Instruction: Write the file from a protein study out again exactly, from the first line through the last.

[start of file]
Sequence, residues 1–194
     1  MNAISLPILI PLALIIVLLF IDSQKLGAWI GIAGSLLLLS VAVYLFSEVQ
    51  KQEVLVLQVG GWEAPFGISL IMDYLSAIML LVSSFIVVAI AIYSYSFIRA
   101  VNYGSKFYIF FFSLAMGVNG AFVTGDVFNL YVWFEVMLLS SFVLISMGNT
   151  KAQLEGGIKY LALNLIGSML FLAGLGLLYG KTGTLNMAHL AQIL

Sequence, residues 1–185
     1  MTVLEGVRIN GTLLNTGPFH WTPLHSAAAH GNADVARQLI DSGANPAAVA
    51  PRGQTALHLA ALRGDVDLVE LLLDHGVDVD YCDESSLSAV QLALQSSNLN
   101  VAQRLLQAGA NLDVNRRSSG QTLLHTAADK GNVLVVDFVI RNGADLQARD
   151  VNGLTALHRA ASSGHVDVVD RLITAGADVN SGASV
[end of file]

Sequence, residues 1–194
     1  MNAISLPILI PLALIIVLLF IDSQKLGAWI GIAGSLLLLS VAVYLFSEVQ
    51  KQEVLVLQVG GWEAPFGISL IMDYLSAIML LVSSFIVVAI AIYSYSFIRA
   101  VNYGSKFYIF FFSLAMGVNG AFVTGDVFNL YVWFEVMLLS SFVLISMGNT
   151  KAQLEGGIKY LALNLIGSML FLAGLGLLYG KTGTLNMAHL AQIL

Sequence, residues 1–185
     1  MTVLEGVRIN GTLLNTGPFH WTPLHSAAAH GNADVARQLI DSGANPAAVA
    51  PRGQTALHLA ALRGDVDLVE LLLDHGVDVD YCDESSLSAV QLALQSSNLN
   101  VAQRLLQAGA NLDVNRRSSG QTLLHTAADK GNVLVVDFVI RNGADLQARD
   151  VNGLTALHRA ASSGHVDVVD RLITAGADVN SGASV